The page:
Almost immediately, the inmates grabbed metal fire extinguishers and portable telephones and began attacking the two control cages. They soon broke the plate glass glazing that protects the polycarbonate security material (Lexan). When this glazing shattered, the control cage officers believed that the Lexan was giving way and that they were about to be taken hostage. The officers in both control cages now climbed ladders that lead to escape hatches on the roof. The west unit control cage officer had locked the five floor officers into C-block. These officers observed the inmates build fires from inmate clothes and blankets and move them against both control cages. The fire at the main control cage (west) was extinguished by automatic sprinklers, but the fire at the satellite (east) cage burned intensely against the cage door and window, melting an area of the window in the control cage door. Inmates then apparently used a broom handle to make or enlarge a hole in the partially melted window and reached through this hole to the control cage keys, which had been left in the inside of the door lock. Once the inmates were inside the two control cages, they had access to every living unit and cell in the building.
Initial Emergency Response
Conditions in Max were deteriorating rapidly. Water on the floor was ankle deep in some places, and smoke from the fires was getting thicker in the building. The smoke evacuation system was inoperative. Part of a sophisticated fire alarm system that included both the command post power override switches for the control consoles and an intrusion alarm system that monitored the status of the building’s three roof hatches and three external doors, it had been broken for months, but security staff had not been notified of the problem.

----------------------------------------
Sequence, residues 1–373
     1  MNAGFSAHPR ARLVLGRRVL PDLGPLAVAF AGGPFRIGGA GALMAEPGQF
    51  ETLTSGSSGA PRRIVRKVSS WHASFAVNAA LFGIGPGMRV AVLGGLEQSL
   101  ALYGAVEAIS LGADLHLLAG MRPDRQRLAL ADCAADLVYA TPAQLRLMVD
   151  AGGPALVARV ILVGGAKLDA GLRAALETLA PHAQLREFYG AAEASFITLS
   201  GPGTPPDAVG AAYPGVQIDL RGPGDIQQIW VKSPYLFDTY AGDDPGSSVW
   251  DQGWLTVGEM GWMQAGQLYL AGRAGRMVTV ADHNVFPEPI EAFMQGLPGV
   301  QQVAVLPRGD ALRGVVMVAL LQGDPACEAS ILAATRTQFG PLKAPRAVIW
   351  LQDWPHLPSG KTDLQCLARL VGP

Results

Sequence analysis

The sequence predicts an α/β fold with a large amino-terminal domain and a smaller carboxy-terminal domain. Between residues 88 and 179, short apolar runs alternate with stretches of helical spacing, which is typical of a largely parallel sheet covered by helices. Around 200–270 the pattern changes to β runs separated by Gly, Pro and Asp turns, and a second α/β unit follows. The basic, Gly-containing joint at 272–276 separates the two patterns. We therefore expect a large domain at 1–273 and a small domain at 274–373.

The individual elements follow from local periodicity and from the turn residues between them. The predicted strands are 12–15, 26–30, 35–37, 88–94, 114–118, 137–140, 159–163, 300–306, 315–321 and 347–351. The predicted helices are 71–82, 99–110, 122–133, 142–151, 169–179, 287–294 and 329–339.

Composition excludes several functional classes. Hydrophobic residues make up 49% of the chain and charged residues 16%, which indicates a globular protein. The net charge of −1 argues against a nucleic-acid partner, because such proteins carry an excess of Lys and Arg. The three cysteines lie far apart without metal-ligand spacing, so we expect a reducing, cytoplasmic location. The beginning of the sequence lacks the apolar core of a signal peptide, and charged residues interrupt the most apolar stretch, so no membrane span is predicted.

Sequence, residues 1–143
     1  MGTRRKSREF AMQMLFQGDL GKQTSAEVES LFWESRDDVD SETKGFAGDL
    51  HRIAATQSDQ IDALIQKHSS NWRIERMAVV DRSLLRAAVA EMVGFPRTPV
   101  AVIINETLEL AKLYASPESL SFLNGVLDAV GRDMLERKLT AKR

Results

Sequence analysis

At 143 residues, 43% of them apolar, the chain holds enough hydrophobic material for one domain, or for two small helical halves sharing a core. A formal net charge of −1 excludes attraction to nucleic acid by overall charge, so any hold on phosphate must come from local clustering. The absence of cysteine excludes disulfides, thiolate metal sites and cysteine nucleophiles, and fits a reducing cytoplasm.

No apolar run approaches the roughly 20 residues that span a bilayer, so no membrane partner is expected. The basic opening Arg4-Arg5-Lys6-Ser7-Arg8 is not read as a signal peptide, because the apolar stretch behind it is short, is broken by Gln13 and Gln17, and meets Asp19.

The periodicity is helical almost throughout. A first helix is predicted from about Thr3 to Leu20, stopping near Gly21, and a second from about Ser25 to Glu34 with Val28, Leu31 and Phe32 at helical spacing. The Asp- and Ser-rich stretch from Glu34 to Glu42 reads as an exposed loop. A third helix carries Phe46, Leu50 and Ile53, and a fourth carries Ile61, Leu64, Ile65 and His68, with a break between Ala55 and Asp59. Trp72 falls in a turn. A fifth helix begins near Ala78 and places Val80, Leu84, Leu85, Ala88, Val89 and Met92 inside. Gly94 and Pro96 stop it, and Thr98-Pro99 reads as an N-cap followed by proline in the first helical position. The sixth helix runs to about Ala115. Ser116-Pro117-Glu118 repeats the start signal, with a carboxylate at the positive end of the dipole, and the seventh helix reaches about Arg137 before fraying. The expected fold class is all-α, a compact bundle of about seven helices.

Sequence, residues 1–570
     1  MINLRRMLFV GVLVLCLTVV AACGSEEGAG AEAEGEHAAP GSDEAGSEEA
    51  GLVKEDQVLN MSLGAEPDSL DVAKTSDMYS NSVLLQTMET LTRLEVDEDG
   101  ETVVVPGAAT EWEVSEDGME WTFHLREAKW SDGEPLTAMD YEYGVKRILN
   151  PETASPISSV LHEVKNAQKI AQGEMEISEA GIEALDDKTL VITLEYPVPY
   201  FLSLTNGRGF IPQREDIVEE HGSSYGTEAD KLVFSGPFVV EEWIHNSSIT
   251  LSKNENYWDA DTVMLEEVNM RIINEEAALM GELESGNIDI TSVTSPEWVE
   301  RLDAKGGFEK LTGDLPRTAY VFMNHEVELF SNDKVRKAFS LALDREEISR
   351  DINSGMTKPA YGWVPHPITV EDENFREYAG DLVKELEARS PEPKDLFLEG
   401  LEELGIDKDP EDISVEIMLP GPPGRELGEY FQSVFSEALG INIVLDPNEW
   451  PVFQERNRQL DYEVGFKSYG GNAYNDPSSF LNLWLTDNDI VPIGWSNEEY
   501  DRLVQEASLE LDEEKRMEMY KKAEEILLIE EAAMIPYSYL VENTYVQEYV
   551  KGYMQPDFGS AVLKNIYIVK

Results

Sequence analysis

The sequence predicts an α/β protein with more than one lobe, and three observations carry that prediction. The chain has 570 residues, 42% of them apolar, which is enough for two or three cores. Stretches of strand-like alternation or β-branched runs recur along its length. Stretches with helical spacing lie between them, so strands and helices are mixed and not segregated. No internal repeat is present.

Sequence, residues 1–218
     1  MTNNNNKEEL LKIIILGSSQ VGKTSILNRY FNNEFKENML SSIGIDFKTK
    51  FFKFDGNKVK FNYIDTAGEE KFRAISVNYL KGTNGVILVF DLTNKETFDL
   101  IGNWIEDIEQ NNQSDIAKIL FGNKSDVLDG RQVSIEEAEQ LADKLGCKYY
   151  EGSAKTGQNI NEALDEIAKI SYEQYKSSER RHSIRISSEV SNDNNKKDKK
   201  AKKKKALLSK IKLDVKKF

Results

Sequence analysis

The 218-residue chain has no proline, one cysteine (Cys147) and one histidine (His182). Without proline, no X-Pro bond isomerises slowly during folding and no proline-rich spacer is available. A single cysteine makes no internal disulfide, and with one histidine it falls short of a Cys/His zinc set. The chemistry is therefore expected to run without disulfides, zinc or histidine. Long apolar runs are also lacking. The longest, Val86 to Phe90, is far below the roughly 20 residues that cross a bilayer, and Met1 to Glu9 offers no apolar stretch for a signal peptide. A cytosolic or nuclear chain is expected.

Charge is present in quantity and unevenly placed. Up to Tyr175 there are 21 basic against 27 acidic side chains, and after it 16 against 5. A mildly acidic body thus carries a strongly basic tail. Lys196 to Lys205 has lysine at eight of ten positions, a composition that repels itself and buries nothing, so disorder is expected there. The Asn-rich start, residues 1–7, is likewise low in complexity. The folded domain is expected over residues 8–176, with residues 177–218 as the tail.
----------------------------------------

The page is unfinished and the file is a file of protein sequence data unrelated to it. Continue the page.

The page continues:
When the shift commander heard that two officers were on the roof of Max, he detailed available staff to the Max compound. Some of the responding officers helped the control cage officers leave the roof. By the time the officers got down from the roof, about 10 minutes after the riot began, smoke was coming out of the roof escape hatches. The control cage officers confirmed that the sergeant and the four floor officers were locked in C-block and safe at least temporarily. The shift commander then radioed the staff surrounding the Max building to report back to the command post. At about this time, administrative notifications were begun, starting with the warden.
Before they received the order to return to the command post, the officers around Max had heard an inmate yelling that the inmates were trying to break into the control cages and that if they did so, the protective custody (PC) inmates would all be dead.
Staff observed one PC inmate in his cell appearing bloody and beaten, an inmate trying to break into a counselor’s office, and inmates beating on the control cage windows with mop handles and other instruments. When the group of staff reported back to the command post, they believed the floor officers were in one of the lower C-block cells.